Raising taxes on ammunition will not stop gun violence, it will only hurt law abiding citizens who purchase it for self defense, hunting, or personal recreation.
Connecticut State Rep. Jillian Gilchrest (D-13th) has proposed a 50 percent tax on firearms ammunition which has caught the attention of the National Rifle Association.
“This dreadful legislation punishes law-abiding citizens and makes it harder to learn how to safely use firearms,” the NRA wrote in a tweet Tuesday morning.
The only concession that Gilchrest is willing to make is exempting police and military personnel from the impost, but homeowners who purchase ammo to protect their families, hunters and gun enthusiasts get no such break.
In a video posted to her Twitter page, Gilchrest, who is serving her first term in the General Assembly, described the tax as a “prevention measure.” Ammunition in Connecticut is currently taxed at the normal sales tax rate of 6.35 percent.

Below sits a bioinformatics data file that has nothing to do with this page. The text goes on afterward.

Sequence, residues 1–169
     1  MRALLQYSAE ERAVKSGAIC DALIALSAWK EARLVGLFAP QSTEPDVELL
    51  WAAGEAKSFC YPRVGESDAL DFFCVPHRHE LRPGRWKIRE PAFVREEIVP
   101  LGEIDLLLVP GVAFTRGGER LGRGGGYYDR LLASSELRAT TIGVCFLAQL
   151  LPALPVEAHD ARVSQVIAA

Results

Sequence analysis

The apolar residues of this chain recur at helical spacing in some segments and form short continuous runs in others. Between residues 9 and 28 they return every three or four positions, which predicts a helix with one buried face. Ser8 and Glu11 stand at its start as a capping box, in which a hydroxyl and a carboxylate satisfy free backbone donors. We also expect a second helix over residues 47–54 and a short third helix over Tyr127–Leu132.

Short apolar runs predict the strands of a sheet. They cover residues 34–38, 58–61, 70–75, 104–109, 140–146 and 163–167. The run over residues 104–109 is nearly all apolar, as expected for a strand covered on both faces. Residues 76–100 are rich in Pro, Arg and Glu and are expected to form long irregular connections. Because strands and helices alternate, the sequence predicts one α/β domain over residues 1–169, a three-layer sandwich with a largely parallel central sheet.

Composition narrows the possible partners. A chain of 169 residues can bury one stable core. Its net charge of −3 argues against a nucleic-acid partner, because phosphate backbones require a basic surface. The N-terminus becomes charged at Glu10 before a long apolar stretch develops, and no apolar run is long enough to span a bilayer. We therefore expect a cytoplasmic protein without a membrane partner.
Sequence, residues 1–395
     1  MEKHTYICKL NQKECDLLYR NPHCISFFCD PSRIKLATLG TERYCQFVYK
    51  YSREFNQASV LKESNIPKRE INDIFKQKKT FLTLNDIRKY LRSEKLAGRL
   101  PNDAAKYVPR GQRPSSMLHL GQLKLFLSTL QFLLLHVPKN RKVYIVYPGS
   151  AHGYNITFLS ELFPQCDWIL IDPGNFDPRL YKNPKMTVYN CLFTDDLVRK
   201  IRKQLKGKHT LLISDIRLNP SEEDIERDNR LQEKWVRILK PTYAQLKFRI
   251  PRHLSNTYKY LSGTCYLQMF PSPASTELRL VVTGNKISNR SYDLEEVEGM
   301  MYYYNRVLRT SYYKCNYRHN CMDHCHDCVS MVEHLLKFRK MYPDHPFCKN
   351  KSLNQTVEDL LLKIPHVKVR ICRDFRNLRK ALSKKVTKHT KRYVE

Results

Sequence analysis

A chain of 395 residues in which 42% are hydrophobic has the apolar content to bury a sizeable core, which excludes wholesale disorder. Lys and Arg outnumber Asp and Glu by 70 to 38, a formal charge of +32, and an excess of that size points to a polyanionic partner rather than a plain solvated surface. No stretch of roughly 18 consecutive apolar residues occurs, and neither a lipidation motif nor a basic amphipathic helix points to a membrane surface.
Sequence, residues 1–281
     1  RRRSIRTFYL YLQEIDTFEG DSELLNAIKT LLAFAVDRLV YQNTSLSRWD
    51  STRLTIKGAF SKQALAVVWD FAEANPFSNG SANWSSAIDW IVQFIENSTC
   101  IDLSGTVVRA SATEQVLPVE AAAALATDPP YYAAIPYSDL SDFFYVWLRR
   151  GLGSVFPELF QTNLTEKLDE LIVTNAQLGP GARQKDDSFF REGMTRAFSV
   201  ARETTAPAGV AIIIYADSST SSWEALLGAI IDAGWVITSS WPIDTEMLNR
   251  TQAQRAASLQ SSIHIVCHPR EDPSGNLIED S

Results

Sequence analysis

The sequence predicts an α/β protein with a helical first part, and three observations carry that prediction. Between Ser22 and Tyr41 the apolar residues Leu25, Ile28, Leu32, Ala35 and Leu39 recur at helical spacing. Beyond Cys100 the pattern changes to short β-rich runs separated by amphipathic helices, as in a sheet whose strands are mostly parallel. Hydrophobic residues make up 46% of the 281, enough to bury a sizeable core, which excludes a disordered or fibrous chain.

Gilchrest equated taxes on ammunition with taxes on cigarettes, claiming both are examples of a “public health measure”.
“We see this as a public health measure similar to what we’ve done in the state of Connecticut with increasing the tax on cigarettes,” Gilchrest said. “When we increase that tax we’ve seen a reduction in use. And so we want to continue Connecticut’s legacy of being a leader on preventing and addressing gun violence and we see this as another step forward in that direction.”
I’ve introduced HB 5700, a 50% tax increase on ammunition. It doesn’t apply to military or law enforcement. I’m hearing push back about the need to protect one's home… but how much ammunition does someone really need to do that? #gunsense #enough pic.twitter.com/NZjkWBrpjC
— Jillian Gilchrest (@Jilchrest) February 4, 2019
Gilchrest’s bill was referred to the legislature’s finance committee. Sen. Will Haskell, D-Westport, joined her in introducing the measure. It has not been scheduled for a public hearing.
Democrats in Congress introduced a bill last year following the deadly shooting at a high school in Parkland, Fla. that would impose a 50 percent federal tax on ammunition.